To state a claim for intentional infliction of emotional distress, a plaintiff must plead
sufficient facts showing that: (1) the conduct by the defendant is “extreme” and
“outrageous”; (2) the defendant “either intend[ed] to cause emotional distress or recklessly
disregard[ed] the near certainty that such distress would result from his conduct”; and
(3) “severe emotional distress . . . occur[ red] as a result of defendant’s conduct.” Citizen
Publ’g Co. v. Miller, 115 P.3d 107, 110 (Ariz. 2005) (quoting Ford v. Revlon, Inc., 734
P.2d 580, 585 (Ariz. 1987)). “The trial court must determine whether the acts complained
of are sufficiently extreme and outrageous to state a claim for relief.” Mintz v. Bell Atlantic
Sys. Leasing Intern., Inc., 905 P.2d 559, 563 (Ariz. Ct. App. 1995). A plaintiff must plead
facts that “show that the defendant’s conduct ‘was so outrageous in character, and so
extreme in degree, as to go beyond all possible bounds of decency, and to be regarded as
atrocious and utterly intolerable in a civilized community.’” Johnson v. McDonald, 3 P.3d
1075, 1080 (Ariz. Ct. App. 1999) (quoting Cluff v. Farmers Ins. Exch., 460 P.2d 666, 668
(Ariz. Ct. App. 1969)). “Only when reasonable minds could differ in determining whether
conduct is sufficiently extreme or outrageous does the issue go to the jury.” Mintz, 905
P.2d at 563.
Plaintiff alleges that Defendants’ conduct—arresting and prosecuting Plaintiff
without probable cause, publishing details of his arrest along with his photograph in local
news and likening Plaintiff to a mass shooter, and searching Plaintiff’s person in the front
of the Walmart down the road from his job in the town where he grew up—was extreme
and outrageous. (Doc. 1 at 11 ¶ 113.) Plaintiff alleges no facts to support a conclusion that
Defendants intended to cause emotional distress or recklessly disregarded the near certainty
that such distress would result from their conduct. “Threadbare recitals of the elements of
a cause of action, supported by mere conclusory statements, do not suffice.” Iqbal, 556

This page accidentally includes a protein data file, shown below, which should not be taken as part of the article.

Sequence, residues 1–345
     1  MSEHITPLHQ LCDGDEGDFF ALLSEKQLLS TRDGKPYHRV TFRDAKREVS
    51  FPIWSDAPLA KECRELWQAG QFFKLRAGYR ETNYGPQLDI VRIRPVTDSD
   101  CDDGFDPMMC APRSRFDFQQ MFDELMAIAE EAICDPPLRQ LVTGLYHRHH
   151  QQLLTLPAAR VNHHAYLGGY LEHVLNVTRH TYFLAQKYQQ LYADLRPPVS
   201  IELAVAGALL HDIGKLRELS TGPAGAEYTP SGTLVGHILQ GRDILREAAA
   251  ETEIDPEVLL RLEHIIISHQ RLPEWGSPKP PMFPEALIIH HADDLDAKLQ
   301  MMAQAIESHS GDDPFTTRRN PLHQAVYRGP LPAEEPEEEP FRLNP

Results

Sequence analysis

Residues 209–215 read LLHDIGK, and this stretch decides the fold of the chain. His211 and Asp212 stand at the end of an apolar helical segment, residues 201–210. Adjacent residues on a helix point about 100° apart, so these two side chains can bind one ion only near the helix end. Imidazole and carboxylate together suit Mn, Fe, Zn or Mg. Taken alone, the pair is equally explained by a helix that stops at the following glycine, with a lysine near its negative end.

U.S. at 678. Plaintiff has failed to state a claim for intentional infliction of emotional
distress. The Court will therefore grant Defendants’ Motion to Dismiss with respect to
Count X.
6. Vicarious Liability
Because the Court finds Plaintiff has not adequately stated a claim for relief,
Plaintiff’s claims for vicarious liability against Defendant Town of Sahuarita necessarily
fail. The Court will therefore grant Defendants’ Motion to Dismiss as to Count XI.
IV. Dismissal without Prejudice
The parties did not address whether dismissal, if granted, should be with or without
prejudice. Pursuant to Rule 15(a) of the Federal Rules of Civil Procedure, the Court may
grant leave to amend “freely” “when justice so requires.” A dismissal without leave to
amend is improper unless it is beyond doubt that the complaint “could not be saved by any
amendment.” Harris v. Amgen, Inc., 573 F.3d 728, 737 (9th Cir. 2009). “Leave to amend
is warranted if the deficiencies can be cured with additional allegations that are ‘consistent
with the challenged pleading’ and that do not contradict the allegations in the original
complaint.” United States v. Corinthian Colleges, 655 F.3d 984, 995 (9th Cir. 2011)
(quoting Reddy v. Litton Indus., Inc., 912 F.2d 291, 296–97 (9th Cir. 1990)). However,
where amendment would be futile, there is no reason to prolong litigation by allowing
further amendments. Lipton v. Pathogenesis Corp., 284 F.3d 1027, 1039 (9th Cir. 2002);
Klamath-Lake Pharmaceutical Ass’n v. Klamath Med. Serv. Bureau, 701 F.2d 1276, 1293
(9th Cir. 1983) (futile amendments should not be permitted).
In this case, it appears permitting Plaintiff to amend the Complaint would not be
futile because the deficiencies in the Complaint could be cured with additional allegations.
Accordingly, the Court will dismiss the Complaint without prejudice and with leave to
amend.
IT IS ORDERED:
(1) Defendants’ Motion to Dismiss (Doc. 18) is granted. The Complaint (Doc.
1) is dismissed without prejudice.
(2) Plaintiff may file an amended complaint within the time provided by the
Federal Rules of Civil Procedure.
Dated this 17th day of December, 2020.


Other Ugly Police

Exit mobile version
Skip to toolbar